As it became clear to Wilde that he would be convicted for his sexual relations, he began to defend what he famously called “the love that dare not speak its name” "Love that dare not speak its name" (Wilde)[Love that dare not speak its name] more directly and aggressively under cross-examination. In addition, after his release from prison, he openly discussed his homosexuality with the few friends who remained by his side and readily acknowledged his affection for men. As Wilde’s defense of homosexuality became more widely known and the conditions of his prosecution and imprisonment were revealed, Wilde became a posthumous hero for gays and lesbians, and his tombstone in Paris has become a shrine visited by thousands of people each year, some of whom kiss the gray stone in tribute. Indecency;and Oscar Wilde trial[Wilde trial] United Kingdom;and homosexuality[homosexuality] Scandals

Further Reading
  • citation-type="booksimple"

    xlink:type="simple">Foldy, Michael S. The Trials of Oscar Wilde: Deviance, Morality, and Late-Victorian Society. New Haven, Conn.: Yale University Press, 1997.
  • citation-type="booksimple"

    xlink:type="simple">Gilbert, Brian, director. Wilde. Motion picture. Columbia/Tristar, 1998. Performances by Stephen Fry and Jude Law.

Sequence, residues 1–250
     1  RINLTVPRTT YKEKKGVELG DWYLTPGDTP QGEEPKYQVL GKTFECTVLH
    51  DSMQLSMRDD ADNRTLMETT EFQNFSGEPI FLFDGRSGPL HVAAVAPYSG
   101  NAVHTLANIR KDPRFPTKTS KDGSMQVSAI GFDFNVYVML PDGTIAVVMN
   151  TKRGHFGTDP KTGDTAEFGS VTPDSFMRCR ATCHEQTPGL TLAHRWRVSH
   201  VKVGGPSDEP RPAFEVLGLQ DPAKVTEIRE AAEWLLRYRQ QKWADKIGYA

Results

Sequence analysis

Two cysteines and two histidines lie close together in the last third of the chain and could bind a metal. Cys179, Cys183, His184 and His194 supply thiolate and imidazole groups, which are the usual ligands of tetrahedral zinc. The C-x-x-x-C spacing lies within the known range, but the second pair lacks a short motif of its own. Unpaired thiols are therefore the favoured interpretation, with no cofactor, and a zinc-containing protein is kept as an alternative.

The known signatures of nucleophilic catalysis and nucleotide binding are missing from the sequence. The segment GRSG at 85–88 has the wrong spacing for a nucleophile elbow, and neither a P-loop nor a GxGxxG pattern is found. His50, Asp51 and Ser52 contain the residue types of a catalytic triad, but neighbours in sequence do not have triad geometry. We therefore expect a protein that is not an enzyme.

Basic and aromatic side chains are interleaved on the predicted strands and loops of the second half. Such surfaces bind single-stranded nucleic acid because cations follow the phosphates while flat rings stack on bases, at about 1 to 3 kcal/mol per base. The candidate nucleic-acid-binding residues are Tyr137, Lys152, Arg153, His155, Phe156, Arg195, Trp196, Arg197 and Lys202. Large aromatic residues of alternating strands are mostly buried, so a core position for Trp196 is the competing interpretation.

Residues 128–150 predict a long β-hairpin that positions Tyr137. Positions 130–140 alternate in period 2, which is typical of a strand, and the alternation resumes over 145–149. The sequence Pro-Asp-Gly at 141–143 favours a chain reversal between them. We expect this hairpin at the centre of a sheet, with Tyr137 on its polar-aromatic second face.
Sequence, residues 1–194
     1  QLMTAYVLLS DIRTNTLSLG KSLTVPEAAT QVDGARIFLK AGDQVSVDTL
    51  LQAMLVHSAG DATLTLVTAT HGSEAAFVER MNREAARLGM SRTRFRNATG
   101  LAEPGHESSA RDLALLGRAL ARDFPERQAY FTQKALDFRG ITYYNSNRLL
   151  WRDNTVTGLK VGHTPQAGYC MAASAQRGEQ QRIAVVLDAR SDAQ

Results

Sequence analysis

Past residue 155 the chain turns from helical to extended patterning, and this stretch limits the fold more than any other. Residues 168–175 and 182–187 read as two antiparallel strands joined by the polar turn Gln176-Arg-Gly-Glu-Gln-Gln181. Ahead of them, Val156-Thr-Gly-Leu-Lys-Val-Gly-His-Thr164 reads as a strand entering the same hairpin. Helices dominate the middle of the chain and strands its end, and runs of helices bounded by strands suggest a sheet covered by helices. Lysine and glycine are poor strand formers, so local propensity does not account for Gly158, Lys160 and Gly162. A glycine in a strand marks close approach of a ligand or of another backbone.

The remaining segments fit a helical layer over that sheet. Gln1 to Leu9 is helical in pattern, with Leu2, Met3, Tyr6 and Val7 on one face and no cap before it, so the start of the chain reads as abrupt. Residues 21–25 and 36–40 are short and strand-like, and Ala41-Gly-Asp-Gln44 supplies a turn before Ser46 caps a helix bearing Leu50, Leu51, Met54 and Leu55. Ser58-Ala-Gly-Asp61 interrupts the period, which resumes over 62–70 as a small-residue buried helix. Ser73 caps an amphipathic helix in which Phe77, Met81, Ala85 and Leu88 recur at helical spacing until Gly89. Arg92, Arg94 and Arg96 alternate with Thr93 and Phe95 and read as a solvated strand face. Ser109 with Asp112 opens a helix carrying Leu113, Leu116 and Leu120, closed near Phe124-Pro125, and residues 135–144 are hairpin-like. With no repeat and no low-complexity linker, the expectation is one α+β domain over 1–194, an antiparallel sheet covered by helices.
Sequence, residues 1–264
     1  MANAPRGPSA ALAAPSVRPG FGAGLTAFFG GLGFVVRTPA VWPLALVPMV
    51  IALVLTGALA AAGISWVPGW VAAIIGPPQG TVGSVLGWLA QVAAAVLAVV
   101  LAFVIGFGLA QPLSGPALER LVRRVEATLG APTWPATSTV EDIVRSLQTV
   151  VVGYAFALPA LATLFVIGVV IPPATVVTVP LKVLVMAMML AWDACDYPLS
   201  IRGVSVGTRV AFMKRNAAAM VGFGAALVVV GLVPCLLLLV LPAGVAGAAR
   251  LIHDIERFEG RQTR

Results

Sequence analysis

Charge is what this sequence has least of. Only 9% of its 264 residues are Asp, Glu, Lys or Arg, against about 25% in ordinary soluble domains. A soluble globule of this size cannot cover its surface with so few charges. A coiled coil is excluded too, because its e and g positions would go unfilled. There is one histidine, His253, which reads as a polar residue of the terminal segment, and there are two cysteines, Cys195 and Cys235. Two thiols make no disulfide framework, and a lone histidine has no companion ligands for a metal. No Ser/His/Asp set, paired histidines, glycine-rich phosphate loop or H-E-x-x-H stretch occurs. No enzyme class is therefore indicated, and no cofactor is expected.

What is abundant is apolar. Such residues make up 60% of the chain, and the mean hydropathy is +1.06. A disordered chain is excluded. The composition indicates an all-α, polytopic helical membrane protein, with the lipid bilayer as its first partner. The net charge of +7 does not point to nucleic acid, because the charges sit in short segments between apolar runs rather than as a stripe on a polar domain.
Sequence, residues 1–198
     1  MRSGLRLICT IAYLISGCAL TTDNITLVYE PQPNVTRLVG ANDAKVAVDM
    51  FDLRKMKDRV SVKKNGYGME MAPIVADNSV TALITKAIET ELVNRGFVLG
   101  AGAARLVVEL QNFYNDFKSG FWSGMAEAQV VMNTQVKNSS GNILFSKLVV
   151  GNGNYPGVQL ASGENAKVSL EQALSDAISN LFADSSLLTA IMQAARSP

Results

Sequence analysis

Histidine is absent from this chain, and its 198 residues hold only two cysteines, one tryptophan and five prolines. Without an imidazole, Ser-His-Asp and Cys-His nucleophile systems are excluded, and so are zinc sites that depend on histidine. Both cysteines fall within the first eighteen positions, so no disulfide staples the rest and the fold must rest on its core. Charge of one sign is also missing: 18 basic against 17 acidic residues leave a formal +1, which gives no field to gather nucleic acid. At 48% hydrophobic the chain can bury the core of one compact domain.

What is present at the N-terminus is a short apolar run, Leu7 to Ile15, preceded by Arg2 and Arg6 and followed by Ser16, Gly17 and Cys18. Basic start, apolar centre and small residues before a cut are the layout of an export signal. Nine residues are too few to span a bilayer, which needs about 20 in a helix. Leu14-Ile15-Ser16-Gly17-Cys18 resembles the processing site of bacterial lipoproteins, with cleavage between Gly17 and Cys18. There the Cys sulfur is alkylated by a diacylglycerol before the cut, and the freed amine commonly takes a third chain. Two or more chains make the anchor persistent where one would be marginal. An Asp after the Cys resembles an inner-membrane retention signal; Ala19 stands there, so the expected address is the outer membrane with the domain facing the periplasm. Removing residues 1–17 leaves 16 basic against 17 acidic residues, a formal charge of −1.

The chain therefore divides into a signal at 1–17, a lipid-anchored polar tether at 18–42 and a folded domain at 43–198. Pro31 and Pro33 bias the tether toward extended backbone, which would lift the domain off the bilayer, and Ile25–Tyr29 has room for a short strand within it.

• citation-type="booksimple"

    xlink:type="simple">Holland, Merlin. The Real Trial of Oscar Wilde: The First Uncensored Transcript of the Trial of Oscar Wilde Versus John Douglas (Marquess of Queensbury), 1895. New York: HarperCollins, 2003.
  • citation-type="booksimple"

    xlink:type="simple">Keane, Robert N., ed. Oscar Wilde: The Man, His Writings, and His World. New York: AMS Press, 2003.

July 4, 1855: Whitman Publishes Leaves of Grass

1885: United Kingdom Criminalizes “Gross Indecency”

1924: Gide Publishes the Signed Edition of Corydon

1939: Isherwood Publishes Goodbye to Berlin

1947-1948: Golden Age of American Gay Literature

1956: Baldwin Publishes Giovanni’s Room

1963: Rechy Publishes City of Night

Fall, 1967: Oscar Wilde Memorial Bookshop Opens as First Gay Bookstore

June, 1971: The Gay Book Award Debuts

1974: The Front Runner Makes The New York Times Best-Seller List

1975: First Novel About Coming Out to Parents Is Published

1980-1981: Gay Writers Form the Violet Quill

Categories: History